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The Journal of Health, Population and Nutrition
ISSN: 1606-0997
EISSN: 1606-0997
Vol. 33, No. 2, 2015, pp. 1-7
Bioline Code: hn15032
Full paper language: English
Document type: Research Article
Document available free of charge

The Journal of Health, Population and Nutrition, Vol. 33, No. 2, 2015, pp. 1-7

 en Factors influencing uptake of voluntary counselling and testing services for HIV/AIDS in the Lower Manya Krobo Municipality (LMKM) in the Eastern Region of Ghana: a cross-sectional household survey
Apanga, Paschal A.; Akparibo, Robert & Awoonor-Williams, John K.


Background: Voluntary counselling and testing (VCT) is one of the nine strategies recommended for prevention and control of HIV globally. In this study, we assessed the awareness and utilisation of VCT services among residents of the Lower Manya Krobo Municipality (LMKM) in the Eastern Region of Ghana.
Methods: A population-based descriptive cross-sectional survey was conducted with 200 participants, aged between 18 and 55 years. Participants were recruited using cluster and simple random techniques to take part in the survey. Data was analysed descriptively, as well as using regression analysis approach.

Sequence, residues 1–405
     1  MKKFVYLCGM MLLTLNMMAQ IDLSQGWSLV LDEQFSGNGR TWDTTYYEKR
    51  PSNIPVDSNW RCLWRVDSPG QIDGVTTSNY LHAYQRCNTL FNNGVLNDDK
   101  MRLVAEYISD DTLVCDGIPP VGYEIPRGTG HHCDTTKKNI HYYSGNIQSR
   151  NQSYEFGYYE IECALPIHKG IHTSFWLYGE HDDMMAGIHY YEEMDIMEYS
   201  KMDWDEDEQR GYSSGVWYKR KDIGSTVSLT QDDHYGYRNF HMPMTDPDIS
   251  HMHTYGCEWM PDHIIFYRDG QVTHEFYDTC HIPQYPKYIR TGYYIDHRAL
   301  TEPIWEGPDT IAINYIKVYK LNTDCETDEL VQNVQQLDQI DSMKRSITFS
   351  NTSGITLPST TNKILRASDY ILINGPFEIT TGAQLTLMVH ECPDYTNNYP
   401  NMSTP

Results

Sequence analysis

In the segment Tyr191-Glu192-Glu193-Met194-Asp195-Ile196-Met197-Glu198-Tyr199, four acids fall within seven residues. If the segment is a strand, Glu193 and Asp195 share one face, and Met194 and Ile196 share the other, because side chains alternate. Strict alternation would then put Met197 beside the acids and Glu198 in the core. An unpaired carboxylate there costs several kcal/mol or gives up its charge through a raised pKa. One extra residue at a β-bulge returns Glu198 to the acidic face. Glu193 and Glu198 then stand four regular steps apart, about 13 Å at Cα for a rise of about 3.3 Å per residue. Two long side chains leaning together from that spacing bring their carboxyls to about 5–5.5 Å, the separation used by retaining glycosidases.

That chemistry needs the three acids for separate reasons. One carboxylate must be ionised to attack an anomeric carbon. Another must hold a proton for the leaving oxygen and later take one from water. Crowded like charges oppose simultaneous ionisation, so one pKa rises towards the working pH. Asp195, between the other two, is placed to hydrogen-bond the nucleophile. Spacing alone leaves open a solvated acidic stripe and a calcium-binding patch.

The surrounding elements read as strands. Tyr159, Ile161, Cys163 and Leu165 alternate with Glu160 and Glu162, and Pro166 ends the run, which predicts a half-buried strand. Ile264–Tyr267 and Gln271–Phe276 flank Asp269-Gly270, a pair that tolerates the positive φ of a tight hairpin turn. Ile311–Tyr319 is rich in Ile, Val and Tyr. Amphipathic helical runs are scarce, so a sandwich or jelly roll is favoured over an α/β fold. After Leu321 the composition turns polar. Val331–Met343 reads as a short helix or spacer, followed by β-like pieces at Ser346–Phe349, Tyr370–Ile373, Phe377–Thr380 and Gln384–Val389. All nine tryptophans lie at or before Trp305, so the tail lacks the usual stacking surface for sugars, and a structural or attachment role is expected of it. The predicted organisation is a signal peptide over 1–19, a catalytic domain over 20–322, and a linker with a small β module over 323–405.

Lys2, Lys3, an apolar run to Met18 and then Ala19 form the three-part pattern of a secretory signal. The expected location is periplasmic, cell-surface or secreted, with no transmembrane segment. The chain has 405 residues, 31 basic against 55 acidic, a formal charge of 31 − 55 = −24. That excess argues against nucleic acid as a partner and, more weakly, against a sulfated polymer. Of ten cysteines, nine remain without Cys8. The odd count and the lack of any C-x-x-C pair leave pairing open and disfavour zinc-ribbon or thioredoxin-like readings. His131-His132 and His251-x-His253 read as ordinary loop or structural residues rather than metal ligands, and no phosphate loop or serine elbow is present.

Results: Ninety-one percent of the respondents surveyed were aware of VCT services for HIV/AIDS. Seventy percent (70 %) have used VCT service in the last 12 months prior to the survey. Of this proportion, 97 % were satisfied with the quality of VCT services offered and indicated their willingness to recommend the service to others. Participants desire to know their HIV status (40 %), referral by health workers (25 %), and participants who wanted to get married (11 %) were the main reasons for increased uptake. Participants who had formal education, primary (OR = 1.8 (95 % CI 1.25–2.84)), junior high school (OR = 2.3 (95 % CI 1.54–3.37)), senior high school (OR = 2.8 (95 % CI 1.73–4.78)), and tertiary (OR = 3.4 (95 % CI 1.98–8.42)), had increased chance of using VCT service compared with participants who had no education (p < 0.001). Reasons for non-utilisation of VCT service were lack of awareness of the VCT service in the area (32 %), fear of being stigmatised (53 %), and the belief that HIV/AIDS cannot be cured and therefore the lack of need (5 %).
Conclusions: Although awareness and utilisation of VCT service rates were reportedly high, more efforts need to be done in order to increase awareness and promote utilisation. HIV/AIDS educational campaign programmes need to be strongly pursued, with emphasis on the benefits of VCT services. This has the potential of reducing stigma and increase utilisation.

HIV; AIDS; VCT; Uptake; Awareness; Ghana

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